Jon Huxley was born and raised on the family dairy farm in North Wales. He graduated from the Royal Veterinary College, London, in 1995 with the Royal Agricultural Society of England prize for Farm Animal Studies. After 12 months as Farm Animal House Office at Bristol Veterinary School he spent 3 years in commercial farm animal practice in Wrexham. He return to Bristol Veterinary School in 1999 to complete a PhD on bovine mastitis, which he was awarded in 2003. He remained at Bristol as Lecturer in Farm Animal Production Medicine until 2006 before becoming one of the first members of academic staff at Nottingham Veterinary School. He was awarded the Royal College of Veterinary Surgeons (RCVS) Certificate in Cattle Health and Production in 2000 and the RCVS Diploma in Cattle Health and Production in 2005. In 2006 he became a diplomate of the European College of Bovine Health Management and an RCVS Recognised Specialist in Cattle Health and Production. He is currently Professor of Cattle Health and Production in the School of Veterinary Medicine and Sciences.
I am a research veterinary clinician specialising in the endemic diseases of dairy cattle, particularly lameness, and the impact of the housed environment on animal health and welfare. In particular I am interested in addressing current clinical problems and knowledge gaps and transferring research findings to the dairy industry and veterinary profession.
- In my clinical discipline I have achieved the highest levels of recognition at both a UK and European level. I established the European College of Bovine Health Management Diploma programme at Nottingham and have a successful track record of supervising candidates for both the Royal College of Veterinary Surgeons and European College cattle Diplomas.
- In a research context I have been an integral contributor to grants totalling to over £7.8M since 2006 from a range of sources including the BBSRC, UK agricultural levy bodies, the Wellcome Trust, Agritech, industry and charities. I pride myself in translating research findings and delivering high impact solution to the industry. I authored / co-authored two Impact Cases for REF 2014 which were described by the review panel as 'outstanding' (http://impact.ref.ac.uk/CaseStudies/CaseStudy.aspx?Id=28730 and http://impact.ref.ac.uk/CaseStudies/CaseStudy.aspx?Id=28721). My full publication record is available on ORCID (http://orcid.org/0000-0002-1149-2480)
- In a teaching capacity I had primary responsibility for leading the design, development and implementation of the farm animal course at Nottingham, I currently teach throughout the 5 year veterinary course. I have been an external examiner at the Royal Veterinary College and Dublin Veterinary School and sit on the RCVS course visitations panel.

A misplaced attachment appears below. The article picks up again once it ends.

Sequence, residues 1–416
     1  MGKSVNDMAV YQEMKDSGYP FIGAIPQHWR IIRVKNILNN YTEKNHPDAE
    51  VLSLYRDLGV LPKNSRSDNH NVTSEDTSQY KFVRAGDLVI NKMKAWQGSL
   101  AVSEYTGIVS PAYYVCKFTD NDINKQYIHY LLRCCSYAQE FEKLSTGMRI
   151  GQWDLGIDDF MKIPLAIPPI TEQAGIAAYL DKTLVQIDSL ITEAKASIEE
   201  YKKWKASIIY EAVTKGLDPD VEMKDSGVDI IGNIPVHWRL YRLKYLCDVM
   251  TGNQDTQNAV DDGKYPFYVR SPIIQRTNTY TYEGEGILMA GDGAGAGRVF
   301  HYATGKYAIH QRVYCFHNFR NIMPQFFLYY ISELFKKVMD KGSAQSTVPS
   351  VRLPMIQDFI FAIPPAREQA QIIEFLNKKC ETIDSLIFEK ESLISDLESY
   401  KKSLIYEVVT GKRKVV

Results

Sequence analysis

My current activities focus on:
Lameness in Dairy Cattle. Lameness is a significant problem in UK dairy herds. Recent studies by the author and others have demonstrated that approximately 25% of UK dairy cattle are identifiably lame on any single day of assessment. This represents a significant health and wellbeing problem and causes marked production losses.
Current work includes the following:
- Studies to improve our understanding of the aetiopathogenesis of claw horn lesions (sole haemorrhage, sole ulcer and white line disease), particularly the structure and function of the digital cushion and other aspects of foot anatomy and their role in lameness prevention
- Randomised clinical trials to identify the most appropriate treatments for lame cows with claw horn lesions
- Randomised clinical trials on preventative foot trimming, to investigate the most appropriate methods and its impacts on health and production
- The behaviour of dairy cows whilst lame and following treatment
I am a principal investigator and work package leader on the lameness component of the AHDB Dairy Health, Welfare and Nutrition Research Partnership (http://dairy.ahdb.org.uk/), a £4.2 million, 10 year programme of research covering many aspects of dairy cow health, welfare and nutrition which began in the summer of 2011. In addition I currently hold research funding from the BBSRC and the University of Nottingham.
The Dairy Cow Housed Environment. The housing of dairy cattle has been under scrutiny in the popular press. A prolonged period of poor returns for dairy farmers has led to consolidation in the sector, leading to larger herds and longer periods of housing for some animals.
A strong evidence base underpinning policy decisions in this area is lacking. We are currently redeveloping the dairy research facilities at Nottingham as part of the Centre for Innovation Excellence in Livestock (CIEL, www.CIELivestock.co.uk), a nationwide Agritech initiative which will see £86.5 million invested in farm animal research facilities across the UK. As part of that redevelopment we are building a unique flexible housing system which will allow us to test the impact of the environment on physiology, health, wellbeing and production under carefully controlled conditions.
The building is due to be completed by summer 2017. The first work commissioned for this facility has been agreed with AHDB Dairy as part of the Research Partnership described above.